Precision Hand Loading For Long Range-Chapter One: Brass Sort & Prep
Now wipe off the case and chamber the empty case in the rifle and see how the bolt feels as it closes. Was there any resistance? You want to bump the shoulder of the case back just enough that you’re at the borderline of having/not having a teeny bit of resistance in closing the bolt on the case. Now you have your resizing die set as well as you can until the proper tool arrives in the mail.
Brass work hardens. Shooting it, resizing it, tumbling it- it all hardens it. Which means some will be harder/stronger on their grip of the bullet than others and our consistency in everything we are trying to achieve went right out of the window. This example is known as "neck tension" or the amount of grip of the case neck on the bullet. Therefore we need to anneal our brass cases every 3 firings at least. I anneal mine every 2. You only anneal the neck and shoulder, NOT THE HEAD! There are fancy case annealing machines, but I don't have that kind of luxury. Here's what I do:
Purchase some 650 degree rated Tempilaq. Tempilaq basically looks like an oversized bottle of fingernail polish.
It comes in heat grades. We used it in machine shops for various tasks. You basically paint a stripe on your metal and let it dry. Apply heat and when it gets to the temperature you want the Tempilaq liquefies and the color (yellow) disappears.
I paint a stripe INSIDE the mouth of my cases.
After it dries I hold the head of the case in my bare fingers and turn the mouth of the case in the flame of a propane torch. When my yellow paint of the 650 degree Tempilaq disappears, I drop the case in a bucket of water. Once all the cases are processed, we now have soft case mouths that will be uniform in neck tension on the bullet after they are loaded.
A word of caution: you never want the head of the case (the part that has writing on it) to get so hot you can't hold it. If you soften the head of the case you have created a very dangerous as well as troublesome situation. At the very least, you shoot the case (even a light load) and the primer falls out and it goes on from there with far greater personal risk/danger.
And while we are babying our brass, I do what many benchrest shooters have switched to: I use an ultrasonic cleaner to clean my brass. Vibratory tumblers only "prettify" brass. They do not clean the inside, the flash hole or the primer pocket. I do not care if the outside of my brass is shiny. As a long range shooter I need the inside, the flash hole and the primer pocket to be clean in the name of uniform combustion and burn, shot to shot. Also, all the rattling together of cases in the vibrator peens the cases together, hardening them all the more (although minimally.)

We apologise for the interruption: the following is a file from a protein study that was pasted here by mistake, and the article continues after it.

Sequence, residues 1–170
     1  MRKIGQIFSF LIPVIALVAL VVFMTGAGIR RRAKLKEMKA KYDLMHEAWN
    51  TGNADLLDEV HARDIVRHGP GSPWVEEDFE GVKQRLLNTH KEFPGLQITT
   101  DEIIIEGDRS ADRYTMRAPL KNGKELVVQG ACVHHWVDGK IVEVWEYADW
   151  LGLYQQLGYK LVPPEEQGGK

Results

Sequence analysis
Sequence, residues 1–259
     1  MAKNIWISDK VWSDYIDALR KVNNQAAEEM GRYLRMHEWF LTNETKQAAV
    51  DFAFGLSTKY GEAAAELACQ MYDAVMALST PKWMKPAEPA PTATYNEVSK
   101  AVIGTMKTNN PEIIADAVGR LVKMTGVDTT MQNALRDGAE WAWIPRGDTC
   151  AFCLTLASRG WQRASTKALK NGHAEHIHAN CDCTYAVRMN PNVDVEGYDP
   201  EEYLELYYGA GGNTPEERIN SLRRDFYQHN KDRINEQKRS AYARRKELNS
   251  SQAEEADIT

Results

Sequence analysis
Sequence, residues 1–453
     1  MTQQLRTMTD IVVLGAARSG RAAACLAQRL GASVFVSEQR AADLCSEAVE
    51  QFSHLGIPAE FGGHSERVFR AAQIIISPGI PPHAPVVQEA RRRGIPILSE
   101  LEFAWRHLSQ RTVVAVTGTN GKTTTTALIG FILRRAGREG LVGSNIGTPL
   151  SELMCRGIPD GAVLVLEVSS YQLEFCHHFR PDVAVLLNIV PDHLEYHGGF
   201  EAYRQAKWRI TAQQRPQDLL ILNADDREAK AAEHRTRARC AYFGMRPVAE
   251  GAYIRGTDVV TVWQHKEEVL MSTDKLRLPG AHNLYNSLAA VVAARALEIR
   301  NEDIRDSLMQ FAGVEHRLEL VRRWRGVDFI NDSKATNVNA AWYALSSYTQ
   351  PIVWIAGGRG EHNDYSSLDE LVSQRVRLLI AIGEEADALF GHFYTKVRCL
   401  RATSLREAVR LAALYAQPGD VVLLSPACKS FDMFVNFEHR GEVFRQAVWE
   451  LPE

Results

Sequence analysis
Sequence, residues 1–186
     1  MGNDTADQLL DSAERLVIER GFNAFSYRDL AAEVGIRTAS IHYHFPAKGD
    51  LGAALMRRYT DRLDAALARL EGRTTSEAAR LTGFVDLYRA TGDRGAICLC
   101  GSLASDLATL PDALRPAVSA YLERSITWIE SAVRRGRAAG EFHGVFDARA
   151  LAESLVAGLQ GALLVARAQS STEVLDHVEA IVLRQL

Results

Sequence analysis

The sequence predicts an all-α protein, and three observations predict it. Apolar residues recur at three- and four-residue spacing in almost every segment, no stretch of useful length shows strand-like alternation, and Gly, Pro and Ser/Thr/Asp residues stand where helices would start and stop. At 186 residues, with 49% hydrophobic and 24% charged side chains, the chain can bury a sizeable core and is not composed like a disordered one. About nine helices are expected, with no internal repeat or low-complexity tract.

I suggest you purchase an ultrasonic cleaner on the cheap from Harbor Freight. Throw in your resized/deprimed cases. Cover the cases with distilled water. Then add 1 tablespoon of dish detergent as well as 3-6 tbsp of your favorite liquid brass cleaner - Birchwood-Casey, Lyman Turbo, etc. - any of the liquid products intended to be added into vibratory tumbling media.
Run the ultrasonic cleaner 20 minutes to an hour depending on the size and number of cases until they are totally clean on the inside and the primer pockets are all at least 95% clean. Rinse in bucket of about 5 gallons of distilled water and shake off. After they air dry or you hairdryer them, you’re good to go. Tap water contains substances that can cause cartridge brass to oxidize. Stay with distilled.
[Note: After you clean your brass with your preferred manner, if you used Tempilaq to anneal them, you may need to use a bore brush to clean the burned tempilaq out of the case mouths. Make sure your case mouths are always clean in the name of consistent neck tension.]
First, we'll continue by sorting all brass by brand. Then I sort it by weight. Everybody talks about Lapua & other premium brass being the best, but Winchester brass is at least 96% as good (and cheaper!)
Sort all your best brass cases into at least 2-grain lots. That is to say all of the cases in each batch of cases weigh within 2 grains of each other. This lets you know each case has about the same brass content. This tells us they are of the same average dimensions, which means we have the same sized combustion chambers case to case, giving us consistent muzzle velocity (MV) shot to shot.
Uniforming & Deburring the Flash Hole
Uniform all the primer pockets. Here's a dirty, uneven once-fired primer pocket:
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